In addition to that review of the calendar, we present a guest sound bite – a timely excerpt that gives us an opportunity to further explore a topic of importance based on the time of year or the events being held. Most of our sound bites come from YouTube, where we comb through funny cat videos to bring you two minutes of high value multi-media procurement thought leadership.

In this week’s guest sound bite, we’re taking on one of the new ideas that we may get to hear more about in the Aberdeen Group CPO Summit recap webinar on Thursday this week – CrowdSourcing. In this video, Brian Bednarek, CEO of Mesh 01 and an Industry Analyst, speaks with CBS News Online about crowdsourcing and how it's changing the way companies work.

 

After watching the video, I did what Brian suggested – I put crowdsourcing and procurement into Google. I came up with a number of blog posts by the usual suspects, and their reactions were mixed. On the upside, crowdsourcing allows buyers access to the collective genius of a large group of resources they don’t have to target. The purchasing is done at will, on demand, and a la carte. On the other hand, quality may come into question, as do loyalty and continuity between projects. It’s really a question of value – you may spend less by taking the crowdsourced approach, but something beyond margin is being sacrificed to bring you those lower prices. No judgment here on good or bad – simply make sure you understand what you get for what you are paying.

 

Of course, that all assumes that procurement professionals will be using crowdsourcing as a way of getting the services their organization. The other possibility is that companies start crowdsourcing for solutions to their procurement challenges. We could find ourselves reaching out to the community at large in a more formal way than we do with social media sites today.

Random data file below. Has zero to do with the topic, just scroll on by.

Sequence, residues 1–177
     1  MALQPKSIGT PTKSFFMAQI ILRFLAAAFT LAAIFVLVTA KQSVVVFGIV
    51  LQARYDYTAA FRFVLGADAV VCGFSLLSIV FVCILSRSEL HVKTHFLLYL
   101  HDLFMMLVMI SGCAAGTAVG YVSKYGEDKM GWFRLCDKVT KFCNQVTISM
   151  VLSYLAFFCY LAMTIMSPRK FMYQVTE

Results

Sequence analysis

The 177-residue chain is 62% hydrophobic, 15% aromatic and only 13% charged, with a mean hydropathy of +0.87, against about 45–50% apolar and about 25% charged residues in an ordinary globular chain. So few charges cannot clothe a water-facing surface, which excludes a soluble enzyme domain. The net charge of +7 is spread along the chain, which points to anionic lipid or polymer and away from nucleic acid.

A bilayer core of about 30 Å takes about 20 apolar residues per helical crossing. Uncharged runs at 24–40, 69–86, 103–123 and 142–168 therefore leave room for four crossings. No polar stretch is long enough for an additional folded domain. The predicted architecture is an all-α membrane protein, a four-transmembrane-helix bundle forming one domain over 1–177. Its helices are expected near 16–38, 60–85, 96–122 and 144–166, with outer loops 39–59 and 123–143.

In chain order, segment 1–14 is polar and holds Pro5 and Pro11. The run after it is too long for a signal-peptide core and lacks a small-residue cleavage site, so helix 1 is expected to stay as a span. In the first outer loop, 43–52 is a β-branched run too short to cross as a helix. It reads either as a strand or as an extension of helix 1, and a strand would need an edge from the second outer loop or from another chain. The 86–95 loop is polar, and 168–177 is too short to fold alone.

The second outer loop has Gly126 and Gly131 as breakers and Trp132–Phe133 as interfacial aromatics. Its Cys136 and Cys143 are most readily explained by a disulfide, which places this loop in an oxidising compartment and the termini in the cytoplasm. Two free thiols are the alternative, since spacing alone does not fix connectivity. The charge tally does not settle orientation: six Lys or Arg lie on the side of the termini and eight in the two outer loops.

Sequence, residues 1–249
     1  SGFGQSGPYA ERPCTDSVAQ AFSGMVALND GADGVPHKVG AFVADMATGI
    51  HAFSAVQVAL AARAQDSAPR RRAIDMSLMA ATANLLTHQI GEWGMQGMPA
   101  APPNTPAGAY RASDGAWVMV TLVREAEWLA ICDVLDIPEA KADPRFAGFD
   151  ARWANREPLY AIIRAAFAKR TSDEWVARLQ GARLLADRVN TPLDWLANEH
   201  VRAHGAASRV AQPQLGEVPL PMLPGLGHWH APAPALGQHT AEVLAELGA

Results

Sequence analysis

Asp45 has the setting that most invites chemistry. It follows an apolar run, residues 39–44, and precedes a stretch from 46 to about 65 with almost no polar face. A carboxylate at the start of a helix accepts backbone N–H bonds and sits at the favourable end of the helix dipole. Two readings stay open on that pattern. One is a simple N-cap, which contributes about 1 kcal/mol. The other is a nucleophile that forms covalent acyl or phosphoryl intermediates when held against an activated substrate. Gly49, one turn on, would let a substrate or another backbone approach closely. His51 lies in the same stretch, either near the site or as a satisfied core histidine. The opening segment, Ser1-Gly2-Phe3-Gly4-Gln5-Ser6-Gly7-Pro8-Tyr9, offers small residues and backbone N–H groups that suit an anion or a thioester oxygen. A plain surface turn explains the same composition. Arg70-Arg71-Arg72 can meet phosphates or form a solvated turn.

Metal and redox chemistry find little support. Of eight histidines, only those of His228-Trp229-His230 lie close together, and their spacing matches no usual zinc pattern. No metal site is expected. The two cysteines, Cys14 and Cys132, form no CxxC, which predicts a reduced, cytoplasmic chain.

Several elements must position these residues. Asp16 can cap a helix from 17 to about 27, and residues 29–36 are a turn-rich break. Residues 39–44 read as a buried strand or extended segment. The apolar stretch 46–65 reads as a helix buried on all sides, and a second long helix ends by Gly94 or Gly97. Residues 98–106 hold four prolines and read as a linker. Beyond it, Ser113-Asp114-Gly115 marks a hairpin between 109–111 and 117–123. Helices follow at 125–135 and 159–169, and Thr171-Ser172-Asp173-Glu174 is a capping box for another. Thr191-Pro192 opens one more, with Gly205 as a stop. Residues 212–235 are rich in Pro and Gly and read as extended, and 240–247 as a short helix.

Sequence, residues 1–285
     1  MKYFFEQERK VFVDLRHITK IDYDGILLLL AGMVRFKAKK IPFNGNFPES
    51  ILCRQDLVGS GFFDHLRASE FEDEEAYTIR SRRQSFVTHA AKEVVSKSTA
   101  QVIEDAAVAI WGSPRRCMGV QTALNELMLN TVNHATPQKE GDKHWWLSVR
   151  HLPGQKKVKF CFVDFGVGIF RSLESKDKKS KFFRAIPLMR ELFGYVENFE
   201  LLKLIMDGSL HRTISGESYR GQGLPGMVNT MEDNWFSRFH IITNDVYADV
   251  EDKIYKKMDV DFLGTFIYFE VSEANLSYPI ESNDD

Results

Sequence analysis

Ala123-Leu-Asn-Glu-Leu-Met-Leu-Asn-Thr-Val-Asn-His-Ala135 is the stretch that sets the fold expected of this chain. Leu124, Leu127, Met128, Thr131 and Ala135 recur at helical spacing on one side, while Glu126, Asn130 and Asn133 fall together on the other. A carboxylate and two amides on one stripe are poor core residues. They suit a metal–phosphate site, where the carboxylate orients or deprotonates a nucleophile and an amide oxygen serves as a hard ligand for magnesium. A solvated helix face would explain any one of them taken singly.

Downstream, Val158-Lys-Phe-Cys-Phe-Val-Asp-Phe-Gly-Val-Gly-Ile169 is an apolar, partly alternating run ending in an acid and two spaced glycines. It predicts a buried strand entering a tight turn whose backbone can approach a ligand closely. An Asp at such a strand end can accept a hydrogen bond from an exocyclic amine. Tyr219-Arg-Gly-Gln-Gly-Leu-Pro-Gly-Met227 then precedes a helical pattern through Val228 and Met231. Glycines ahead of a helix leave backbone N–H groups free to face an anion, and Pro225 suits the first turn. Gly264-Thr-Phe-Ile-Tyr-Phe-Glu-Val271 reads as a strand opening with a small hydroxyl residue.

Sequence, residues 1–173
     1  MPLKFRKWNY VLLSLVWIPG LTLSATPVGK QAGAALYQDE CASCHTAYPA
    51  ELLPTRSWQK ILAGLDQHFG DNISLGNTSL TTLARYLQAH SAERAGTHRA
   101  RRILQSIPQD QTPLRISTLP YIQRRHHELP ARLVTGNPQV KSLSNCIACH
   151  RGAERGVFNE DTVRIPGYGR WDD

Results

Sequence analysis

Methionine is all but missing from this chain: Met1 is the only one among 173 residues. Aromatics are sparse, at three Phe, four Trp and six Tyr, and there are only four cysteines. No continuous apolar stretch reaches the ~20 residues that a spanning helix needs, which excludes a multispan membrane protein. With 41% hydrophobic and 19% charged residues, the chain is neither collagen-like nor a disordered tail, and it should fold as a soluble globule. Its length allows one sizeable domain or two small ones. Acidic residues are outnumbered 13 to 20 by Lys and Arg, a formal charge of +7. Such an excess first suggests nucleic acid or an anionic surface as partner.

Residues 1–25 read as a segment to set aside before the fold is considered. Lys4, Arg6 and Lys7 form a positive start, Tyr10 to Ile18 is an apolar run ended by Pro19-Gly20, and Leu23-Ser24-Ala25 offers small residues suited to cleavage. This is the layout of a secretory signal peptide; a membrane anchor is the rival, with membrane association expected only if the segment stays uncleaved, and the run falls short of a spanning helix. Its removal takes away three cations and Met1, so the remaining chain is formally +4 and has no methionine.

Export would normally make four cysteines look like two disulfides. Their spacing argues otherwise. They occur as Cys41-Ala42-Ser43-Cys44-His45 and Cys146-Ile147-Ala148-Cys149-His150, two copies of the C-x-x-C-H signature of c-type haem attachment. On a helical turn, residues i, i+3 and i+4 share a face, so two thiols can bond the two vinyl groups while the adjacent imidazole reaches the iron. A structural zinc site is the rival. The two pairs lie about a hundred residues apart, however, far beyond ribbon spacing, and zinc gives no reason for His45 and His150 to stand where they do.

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Procurement on YouTube: Procurement Transformation at the 2012 Olympics

In this week’s procurement YouTube video, we hear a new clip from Matthew Hattersley, Commercial Partner at Clarion, as he talks about Transformational Procurement. Clarion recently hosted a seminar at which Paul Dickinson from the Olympic Delivery Authority and head of procurement for the Olympic Park shared his experiences.

 

In our August 6th Weekly Procurement Update on the PI Window on Business Blog Talk Radio program we heard from Jan Matthews, the Head of Catering, Cleaning & Waste for the London Organizing Committee as she outlined the requirements for the overall catering services program.